transplantation. Stem cells are often referred to as master cells, and
they seem to carry a proliferation of antibodies which fight malignancies,
and may be able to fight cancer. One solution to cancer may be hormone
therapy. The hormone, usually tamoxifen, slows growth of cancer cells by
blocking some growth enhancing properties of estrogen. "Tamoxifen is the
most commonly used breast cancer drug in the world. It works, works well,
and does it with relatively few side effects," said Dr. Wickerman of a
Dallas clinic. The controversy over Tamoxifen is that it might cause other
types of cancer. In 1981, the National Cancer Institute ran a test in
which women took a placebo or Tamoxifen. Women with the drug were less
likely to develop cancer of the breast, but they were more likely to
develop blood clots, ovarian cancer, or breast cancer. Chemotherapy
involving tamoxifen has proved useful in delaying breast recurrence, but
the majority of patients treated with Tamoxifen eventually go into
relapse. There are several physical operations. Traditionally, there are
three types of cancer treatments: radiation, mastectomy, cytotoxic
chemotherapy. The type of surgery really has its basis on the size of the
tumor. A lumpectomy removes the tumor and surrounding tissues. A simple
mastectomy removes the breast, nearby lymph nodes, and portions of the
chest and arms. Doctors can perform preventative mastectomies. Some
surgeons feel that if the breast is fairly lumpy, and the patient appears
to be in very high risk of breast cancer, the surgery may be beneficial.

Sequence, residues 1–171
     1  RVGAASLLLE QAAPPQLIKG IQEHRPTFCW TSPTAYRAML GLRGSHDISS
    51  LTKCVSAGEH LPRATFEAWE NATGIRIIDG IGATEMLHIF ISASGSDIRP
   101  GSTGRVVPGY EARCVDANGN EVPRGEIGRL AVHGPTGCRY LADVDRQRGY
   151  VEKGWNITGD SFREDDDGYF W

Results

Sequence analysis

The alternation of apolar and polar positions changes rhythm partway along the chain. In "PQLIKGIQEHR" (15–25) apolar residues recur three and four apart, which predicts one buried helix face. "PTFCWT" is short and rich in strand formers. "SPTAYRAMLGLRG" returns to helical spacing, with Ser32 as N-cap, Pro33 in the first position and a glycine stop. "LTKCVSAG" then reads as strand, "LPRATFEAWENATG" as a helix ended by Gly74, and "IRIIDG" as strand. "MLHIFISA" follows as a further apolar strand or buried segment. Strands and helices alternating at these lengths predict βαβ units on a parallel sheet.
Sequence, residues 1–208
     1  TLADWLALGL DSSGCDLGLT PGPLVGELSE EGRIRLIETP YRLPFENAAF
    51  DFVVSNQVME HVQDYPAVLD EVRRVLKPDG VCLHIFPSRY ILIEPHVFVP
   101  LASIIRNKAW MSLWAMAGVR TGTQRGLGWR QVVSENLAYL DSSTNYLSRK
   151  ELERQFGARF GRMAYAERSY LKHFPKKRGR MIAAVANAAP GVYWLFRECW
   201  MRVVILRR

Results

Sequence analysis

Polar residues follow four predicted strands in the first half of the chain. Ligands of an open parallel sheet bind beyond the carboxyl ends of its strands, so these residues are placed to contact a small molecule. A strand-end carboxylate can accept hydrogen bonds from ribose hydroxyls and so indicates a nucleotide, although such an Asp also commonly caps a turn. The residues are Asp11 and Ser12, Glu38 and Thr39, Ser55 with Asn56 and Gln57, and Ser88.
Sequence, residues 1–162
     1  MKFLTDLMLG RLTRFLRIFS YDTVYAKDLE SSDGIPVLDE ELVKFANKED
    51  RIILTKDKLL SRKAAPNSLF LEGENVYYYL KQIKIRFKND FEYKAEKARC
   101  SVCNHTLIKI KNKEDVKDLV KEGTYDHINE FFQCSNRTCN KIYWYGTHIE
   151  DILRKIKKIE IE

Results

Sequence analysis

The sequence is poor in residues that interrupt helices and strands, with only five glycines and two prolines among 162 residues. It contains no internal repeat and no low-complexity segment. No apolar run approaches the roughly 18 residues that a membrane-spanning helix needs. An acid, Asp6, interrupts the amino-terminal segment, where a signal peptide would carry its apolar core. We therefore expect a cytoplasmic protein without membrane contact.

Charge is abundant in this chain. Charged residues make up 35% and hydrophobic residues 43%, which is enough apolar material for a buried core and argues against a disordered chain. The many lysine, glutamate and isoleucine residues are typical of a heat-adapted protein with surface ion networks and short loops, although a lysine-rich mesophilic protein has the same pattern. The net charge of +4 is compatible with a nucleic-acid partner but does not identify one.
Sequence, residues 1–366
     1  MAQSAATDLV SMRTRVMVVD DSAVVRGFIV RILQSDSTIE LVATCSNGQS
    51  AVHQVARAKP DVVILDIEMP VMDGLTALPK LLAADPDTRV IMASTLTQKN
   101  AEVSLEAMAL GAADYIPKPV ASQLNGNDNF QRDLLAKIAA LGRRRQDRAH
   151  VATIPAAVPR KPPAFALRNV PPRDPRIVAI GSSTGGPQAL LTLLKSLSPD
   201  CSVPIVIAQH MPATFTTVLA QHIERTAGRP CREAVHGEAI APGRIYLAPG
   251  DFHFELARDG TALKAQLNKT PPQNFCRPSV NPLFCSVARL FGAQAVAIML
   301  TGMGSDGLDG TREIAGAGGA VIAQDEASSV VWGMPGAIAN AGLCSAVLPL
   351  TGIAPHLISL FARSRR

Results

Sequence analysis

The whole surgery is highly controversial. A total bilateral mastectomy
and reconstruction is preferred. This removal takes out all of the breast
including the nipple and duct system so that there can be little chance of
relapse.
One complication that can result in cancer is Ductal Carcinoma insitu.
This area houses the lobules and ducts and is the area in which milk is
produced. Similar to rust clogging up pipes, often extra cells or
cancerous cells will clog up the tubes providing for some discomfort and
other risks. Studies show that 20©25% of women with untreated DCIS will
get invasive cancer within 10 years. Also dealing with the lactating in
women is breast cancer during pregnancy. Breast cancer during pregnancy is
usually not harmful except for minor complications. Breast cancer during
that period could also be hard to detect because of the rapidly expanding
breasts, and other new growth. On a final note, men can also get breast
cancer, but it is often more evident as there tends to be less flesh in a
man's chest than in a female's.
How can you get involved? All contributions of time, money, or services to
any of the national cancer organizations would help the cause greatly. One
minor way to show support is buy buying a new type of stamp possibly in
the worksïcent per stamp that would go in the support of breast cancer.
Until individuals commit themselves to a healthy diet, watch for signs of
cancer, or even volunteer time, we will always have the problem. While
there are many factors from weight to factors that one can't even control,
taking a look at the whole picture and evaluating your opinions into your
own choice, and consulting other references will end in the best decision
for yourself.